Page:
There are currently two legal actions in progress against Religious Instruction: David Hines and Tanya Jacob v Ministry of Education (currently in mediation) and Jeff McClintock v Red Beach school Board of Trustees and the Attorney General (First mention 23rd April, Auckland High Court).
Jeff McClintock v Red Beach School Board of Trustees and the Attorney General.
800 NZ public schools run Bible in Schools type programmes, also know as Religious Instruction. These are typically Christian-only devotional programmes run by Church missionaries with the intention of evangelising children.
NZ public schools are by law “entirely secular” but a loophole dubbed the “Nelson clause” was introduced in 1964 to make an exception for Bible classes. This exception allows a school to place children in Bible classes without parental consent, and to employ various coercive measures to ensure children attend. Children opted-out of Bible classes have been made to pick up rubbish, wash dishes or simply left alone unsupervised. Opt-out Children have been pressured to justify their parents religious beliefs (or lack of).
McClintock believes this practice is discriminatory and breaks several existing NZ laws and that the Nelson clause is inconsistent with several other laws.
This is the first case ever against Religious Instruction in NZ. McClintock is represented by lawyer Richard Francois who is donating his time pro bono. The School’s defence of the Church programme is funded by the crown who have hired two top legal teams to entrench discrimination against children in NZ state schools.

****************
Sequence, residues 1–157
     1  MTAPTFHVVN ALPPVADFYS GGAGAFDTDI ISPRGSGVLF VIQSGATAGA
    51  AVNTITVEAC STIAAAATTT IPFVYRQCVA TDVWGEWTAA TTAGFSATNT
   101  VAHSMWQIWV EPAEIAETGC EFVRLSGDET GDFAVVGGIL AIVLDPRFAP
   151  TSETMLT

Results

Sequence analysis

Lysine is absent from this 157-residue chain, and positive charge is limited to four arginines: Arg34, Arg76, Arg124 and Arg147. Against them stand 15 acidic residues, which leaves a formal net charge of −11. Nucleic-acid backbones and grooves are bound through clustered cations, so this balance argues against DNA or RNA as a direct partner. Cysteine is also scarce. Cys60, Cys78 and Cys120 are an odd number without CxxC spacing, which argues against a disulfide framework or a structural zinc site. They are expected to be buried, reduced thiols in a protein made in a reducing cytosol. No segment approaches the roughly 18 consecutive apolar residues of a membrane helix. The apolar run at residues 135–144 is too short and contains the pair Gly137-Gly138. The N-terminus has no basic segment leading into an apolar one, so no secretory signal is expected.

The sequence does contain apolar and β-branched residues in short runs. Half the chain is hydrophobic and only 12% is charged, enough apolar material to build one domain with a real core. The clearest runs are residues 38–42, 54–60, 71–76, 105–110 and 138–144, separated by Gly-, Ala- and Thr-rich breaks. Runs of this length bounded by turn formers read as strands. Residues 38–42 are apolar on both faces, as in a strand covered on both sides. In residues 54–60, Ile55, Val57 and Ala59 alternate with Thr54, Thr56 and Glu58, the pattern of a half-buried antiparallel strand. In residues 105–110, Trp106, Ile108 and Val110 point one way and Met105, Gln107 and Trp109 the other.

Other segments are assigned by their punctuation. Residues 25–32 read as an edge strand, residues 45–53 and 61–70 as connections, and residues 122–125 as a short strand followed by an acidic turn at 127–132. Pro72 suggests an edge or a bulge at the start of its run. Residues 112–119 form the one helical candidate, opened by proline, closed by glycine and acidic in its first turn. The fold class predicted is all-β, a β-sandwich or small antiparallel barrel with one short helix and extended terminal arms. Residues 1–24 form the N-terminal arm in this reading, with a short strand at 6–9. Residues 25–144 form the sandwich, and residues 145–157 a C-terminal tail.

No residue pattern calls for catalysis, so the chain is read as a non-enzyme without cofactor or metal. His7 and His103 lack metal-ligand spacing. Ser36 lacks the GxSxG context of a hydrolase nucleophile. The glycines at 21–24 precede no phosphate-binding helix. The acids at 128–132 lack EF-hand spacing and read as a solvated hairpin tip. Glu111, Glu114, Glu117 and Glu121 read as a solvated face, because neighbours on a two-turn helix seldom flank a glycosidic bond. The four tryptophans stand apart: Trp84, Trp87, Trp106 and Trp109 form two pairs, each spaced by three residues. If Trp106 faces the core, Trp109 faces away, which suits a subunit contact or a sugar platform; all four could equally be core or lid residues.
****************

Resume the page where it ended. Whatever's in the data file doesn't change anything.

The “opt-out” system was outlawed in the US in 1948 Supreme Court case McCollum v. Board of Education, which struck down religious education in public schools.
The “opt-out” system was outlawed in Canada in 1988 in Zylberberg v. Sudbury Board of Education.
The “opt-out” system was banned in Australia in 2011.
What changes does McClintock seek?
McClintock seeks the end to coercing children into unwanted Religious Instruction (RI) though the introduction of Informed Consent. This means:
- Clearly informing parents as to the religious nature of Bible classes.
- Seeking the permission in writing from parents before placing children in Religious Instruction.
- Only children with permission will attend Religious Instruction. Parents will not have to explicitly “opt-out”.
- Simply taking no action will indicate your children do not require RI. This protects children’s privacy by not requiring them to reveal their personal beliefs to teachers.
- Teachers must not try to force children into Bible class though detention, punishment or segregating them from their friends.
- Schools must not compromise reading, writing and math by reducing their standard opening hours to cater to Bible classes. Bible classes must fit around regular instruction.
What this case does not change.
- Does not ban Bible in Schools as an extra-curricular programme.
- Does not restrict or ban pupils from praying in school or expressing a religious belief.
- It does not seek to ban the wearing of religious symbols or clothing.
- It does not attempt to prevent the singing of the National Anthem.
- It does not ban Maori cultural practices.
- Has no effect on General Religious Education (professional teaching about various religions from a social studies or historical perspective). General Religious Education is completely legal with or without the Nelson clause.
While the Attorney General and Red Beach School have top tax-payer funded legal teams and have all costs met by the crown, McClintock is personably liable for any costs awarded against him and lawyer Richard Francois is donating his time pro bono. Please consider donating…